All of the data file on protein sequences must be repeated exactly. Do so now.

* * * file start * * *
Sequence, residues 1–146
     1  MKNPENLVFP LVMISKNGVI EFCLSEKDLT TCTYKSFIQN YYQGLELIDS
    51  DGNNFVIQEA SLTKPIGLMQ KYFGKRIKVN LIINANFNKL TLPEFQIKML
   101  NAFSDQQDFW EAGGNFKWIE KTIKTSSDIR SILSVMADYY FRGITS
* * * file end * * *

Sequence, residues 1–146
     1  MKNPENLVFP LVMISKNGVI EFCLSEKDLT TCTYKSFIQN YYQGLELIDS
    51  DGNNFVIQEA SLTKPIGLMQ KYFGKRIKVN LIINANFNKL TLPEFQIKML
   101  NAFSDQQDFW EAGGNFKWIE KTIKTSSDIR SILSVMADYY FRGITS